More government abuse from the cesspool that is California. It seems that whenever there is a steaming pile of government corruption discovered, simply connecting the dots to the nearest confederate of Barack Hussein will save a great deal of investigative effort.
University of California president Janet Napolitano, former Secretary of Homeland Security under Barack Hussein, has been exposed in an audit of UC’s books and determined to have hidden a $175 million slush fund while constantly demanding more and more money from the state.
Tuitions and operating expenses have skyrocketed under Napolitano, as UC admitted more high-paying out-of-state students in favor of California’s deserving high school seniors whose parents pay the taxes that support UC. “If the $175 million had been directed toward student enrollment, more than 35,000 additional students could have attended UC schools,” lamented one state legislator. 35,000! Beyond shameful!
The state auditor in charge of the audit said that she had “never had a situation like that in my 17 years as state auditor,” adding that the situation is “very troubling to us.” Indeed!
From SF Gate
SACRAMENTO — The University of California hid $175 million from the public in secret funds while its administrators demanded more money from the state, according to a report released Tuesday by state Auditor Elaine Howle.
Under the leadership of Janet Napolitano, the UC Office of the President amassed millions in the secret reserve funds in part by overestimating how much it needed to run the 10-campus university system — and then spending less than budgeted, the audit said. From 2012 to 2016, the office sought increased funding based on the inflated estimates, not actual spending, according to Howle.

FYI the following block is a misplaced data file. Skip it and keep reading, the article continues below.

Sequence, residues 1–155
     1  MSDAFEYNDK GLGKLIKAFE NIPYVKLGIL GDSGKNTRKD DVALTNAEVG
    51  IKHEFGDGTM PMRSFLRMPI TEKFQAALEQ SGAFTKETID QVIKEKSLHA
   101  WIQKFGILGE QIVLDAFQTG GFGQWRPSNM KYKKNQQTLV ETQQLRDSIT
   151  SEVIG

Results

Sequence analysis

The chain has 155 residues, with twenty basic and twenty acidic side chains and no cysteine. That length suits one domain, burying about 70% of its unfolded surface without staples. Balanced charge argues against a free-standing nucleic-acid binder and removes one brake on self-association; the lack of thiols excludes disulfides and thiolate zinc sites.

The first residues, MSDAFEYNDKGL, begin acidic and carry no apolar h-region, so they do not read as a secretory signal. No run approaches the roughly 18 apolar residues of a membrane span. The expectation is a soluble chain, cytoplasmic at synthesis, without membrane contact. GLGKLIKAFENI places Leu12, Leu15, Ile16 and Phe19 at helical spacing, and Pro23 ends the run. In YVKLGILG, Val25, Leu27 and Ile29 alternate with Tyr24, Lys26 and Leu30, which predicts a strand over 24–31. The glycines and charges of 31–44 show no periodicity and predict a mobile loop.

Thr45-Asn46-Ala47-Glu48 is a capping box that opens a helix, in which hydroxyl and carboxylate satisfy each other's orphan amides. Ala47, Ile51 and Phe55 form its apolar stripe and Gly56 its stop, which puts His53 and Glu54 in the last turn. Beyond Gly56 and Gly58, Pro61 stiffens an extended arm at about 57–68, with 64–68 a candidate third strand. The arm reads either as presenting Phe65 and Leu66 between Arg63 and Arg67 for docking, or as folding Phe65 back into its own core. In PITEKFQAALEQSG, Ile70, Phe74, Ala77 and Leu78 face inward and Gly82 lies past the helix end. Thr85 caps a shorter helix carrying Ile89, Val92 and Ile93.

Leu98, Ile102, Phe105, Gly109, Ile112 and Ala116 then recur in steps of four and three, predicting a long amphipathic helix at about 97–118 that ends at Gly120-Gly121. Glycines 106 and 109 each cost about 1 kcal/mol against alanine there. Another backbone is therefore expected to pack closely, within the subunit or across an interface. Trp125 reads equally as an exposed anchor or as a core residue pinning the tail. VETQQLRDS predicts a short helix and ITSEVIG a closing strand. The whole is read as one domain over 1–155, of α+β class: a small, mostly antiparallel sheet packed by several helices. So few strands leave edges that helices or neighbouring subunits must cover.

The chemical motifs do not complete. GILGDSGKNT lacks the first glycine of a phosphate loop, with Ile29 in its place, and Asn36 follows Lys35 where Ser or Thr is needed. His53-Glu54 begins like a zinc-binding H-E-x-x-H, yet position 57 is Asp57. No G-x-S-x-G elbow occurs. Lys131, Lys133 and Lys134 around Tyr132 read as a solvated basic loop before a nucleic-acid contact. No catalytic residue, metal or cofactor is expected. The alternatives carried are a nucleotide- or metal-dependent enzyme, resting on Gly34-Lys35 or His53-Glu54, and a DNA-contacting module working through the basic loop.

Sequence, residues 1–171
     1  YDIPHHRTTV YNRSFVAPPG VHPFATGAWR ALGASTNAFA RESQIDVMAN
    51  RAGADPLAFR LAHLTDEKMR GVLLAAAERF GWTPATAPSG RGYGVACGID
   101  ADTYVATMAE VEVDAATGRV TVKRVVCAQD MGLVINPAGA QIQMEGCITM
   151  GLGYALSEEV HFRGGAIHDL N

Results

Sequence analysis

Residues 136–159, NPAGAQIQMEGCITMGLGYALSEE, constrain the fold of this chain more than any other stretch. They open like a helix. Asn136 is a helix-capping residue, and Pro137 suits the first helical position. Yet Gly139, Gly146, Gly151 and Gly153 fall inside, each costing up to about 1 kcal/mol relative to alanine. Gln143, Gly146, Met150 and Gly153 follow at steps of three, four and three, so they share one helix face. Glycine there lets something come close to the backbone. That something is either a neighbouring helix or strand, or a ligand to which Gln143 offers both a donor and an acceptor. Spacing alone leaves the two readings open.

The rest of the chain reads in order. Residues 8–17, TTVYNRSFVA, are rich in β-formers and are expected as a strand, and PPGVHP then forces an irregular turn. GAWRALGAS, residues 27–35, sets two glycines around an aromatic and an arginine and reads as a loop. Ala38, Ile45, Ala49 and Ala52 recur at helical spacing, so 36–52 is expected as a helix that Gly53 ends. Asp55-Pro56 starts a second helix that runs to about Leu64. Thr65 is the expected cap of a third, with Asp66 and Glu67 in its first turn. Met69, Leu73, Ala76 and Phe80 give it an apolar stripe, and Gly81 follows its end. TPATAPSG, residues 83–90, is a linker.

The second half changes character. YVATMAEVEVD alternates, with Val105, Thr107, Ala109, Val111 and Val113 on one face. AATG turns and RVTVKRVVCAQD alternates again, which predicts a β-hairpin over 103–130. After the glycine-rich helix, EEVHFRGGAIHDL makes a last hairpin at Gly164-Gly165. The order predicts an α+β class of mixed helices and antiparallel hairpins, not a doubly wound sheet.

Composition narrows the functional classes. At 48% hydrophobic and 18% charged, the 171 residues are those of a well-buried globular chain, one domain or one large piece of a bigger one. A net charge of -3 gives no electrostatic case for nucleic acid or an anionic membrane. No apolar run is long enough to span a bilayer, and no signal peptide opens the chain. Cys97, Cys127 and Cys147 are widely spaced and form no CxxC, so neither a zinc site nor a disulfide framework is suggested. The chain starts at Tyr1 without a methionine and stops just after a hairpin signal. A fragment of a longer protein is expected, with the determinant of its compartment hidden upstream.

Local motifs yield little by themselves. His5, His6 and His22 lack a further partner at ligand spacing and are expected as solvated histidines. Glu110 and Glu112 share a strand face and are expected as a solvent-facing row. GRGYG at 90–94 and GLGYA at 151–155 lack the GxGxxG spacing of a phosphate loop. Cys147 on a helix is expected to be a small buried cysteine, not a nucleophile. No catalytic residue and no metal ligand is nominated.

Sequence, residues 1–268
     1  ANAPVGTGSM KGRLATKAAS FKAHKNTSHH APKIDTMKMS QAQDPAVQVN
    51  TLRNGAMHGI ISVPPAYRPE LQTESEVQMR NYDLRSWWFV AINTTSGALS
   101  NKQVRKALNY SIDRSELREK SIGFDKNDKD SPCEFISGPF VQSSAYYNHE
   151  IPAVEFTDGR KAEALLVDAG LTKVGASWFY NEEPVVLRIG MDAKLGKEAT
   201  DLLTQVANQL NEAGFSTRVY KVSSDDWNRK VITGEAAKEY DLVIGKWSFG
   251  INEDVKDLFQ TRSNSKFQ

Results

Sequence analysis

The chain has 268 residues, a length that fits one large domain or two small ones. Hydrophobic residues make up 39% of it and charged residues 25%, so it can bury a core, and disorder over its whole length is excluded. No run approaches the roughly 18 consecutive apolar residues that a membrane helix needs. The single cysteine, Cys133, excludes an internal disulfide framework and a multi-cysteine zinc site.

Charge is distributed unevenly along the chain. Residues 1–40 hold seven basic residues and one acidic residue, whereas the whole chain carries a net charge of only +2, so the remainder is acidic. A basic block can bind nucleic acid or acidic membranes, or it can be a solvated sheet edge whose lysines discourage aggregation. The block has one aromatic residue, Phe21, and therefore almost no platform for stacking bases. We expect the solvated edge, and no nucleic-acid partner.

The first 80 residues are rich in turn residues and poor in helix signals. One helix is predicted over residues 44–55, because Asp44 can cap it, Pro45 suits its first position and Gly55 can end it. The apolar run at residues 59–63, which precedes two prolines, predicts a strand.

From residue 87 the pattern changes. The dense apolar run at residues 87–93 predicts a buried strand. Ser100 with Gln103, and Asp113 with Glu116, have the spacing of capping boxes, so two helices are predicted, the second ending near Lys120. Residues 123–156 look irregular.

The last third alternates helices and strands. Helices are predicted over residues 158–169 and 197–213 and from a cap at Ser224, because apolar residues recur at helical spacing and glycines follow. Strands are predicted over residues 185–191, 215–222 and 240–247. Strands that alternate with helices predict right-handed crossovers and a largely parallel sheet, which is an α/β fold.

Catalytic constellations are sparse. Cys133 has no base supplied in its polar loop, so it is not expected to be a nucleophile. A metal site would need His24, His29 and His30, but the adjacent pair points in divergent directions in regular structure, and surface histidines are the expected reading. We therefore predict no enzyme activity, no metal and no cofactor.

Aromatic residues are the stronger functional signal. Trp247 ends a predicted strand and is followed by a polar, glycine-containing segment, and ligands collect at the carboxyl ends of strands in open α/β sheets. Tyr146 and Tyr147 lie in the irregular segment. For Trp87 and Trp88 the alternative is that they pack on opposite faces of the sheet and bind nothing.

Howle also accused the university of interfering with the audit by inappropriately screening the confidential responses of campus administrators to her office’s survey, resulting in some answers being changed or deleted. She said she is looking into whether the university violated any laws or policies on interference.
The alleged changes were “very troubling to us,” Howle said.
The stunning revelations about the secret money immediately drew criticism and calls for the UC Board of Regents — which the audit said did not know about the hidden millions — to reverse its decision to increase tuition by 2.5 percent this fall.
“It’s outrageous and unjust to force tuition hikes on students while the UC hides secret funds, and I call for the tuition decision to come back before the Board of Regents for reconsideration and reversal,” Lt. Gov. Gavin Newsom, one of 26 regents, in a statement.
Napolitano denied the audit’s claims that her office improperly kept money stashed away, saying the money was set aside for unexpected expenses.
The audit also far overstated how much money was set aside, Napolitano’s office said in a statement. “The true amount is $38 million, which is roughly 10 percent of (the office’s) operating and administrative budget, a prudent and reasonable amount for unexpected expenses such as cybersecurity threat response and emerging issues like increased support for undocumented students and efforts to prevent sexual violence and sexual harassment.”
About $32 million of the $175 million that Howle’s audit found in the secret reserve came from campus assessment fees — money that the auditor said could have been spent on students and should be returned to the campuses.
Even as it accumulated the campus fees, Napolitano persuaded the Board of Regents to increase those fees in two of the four years audited, Howle said.
In addition to setting aside money in the secret funds, Napolitano’s office created a secret budget to spend the money, the audit said.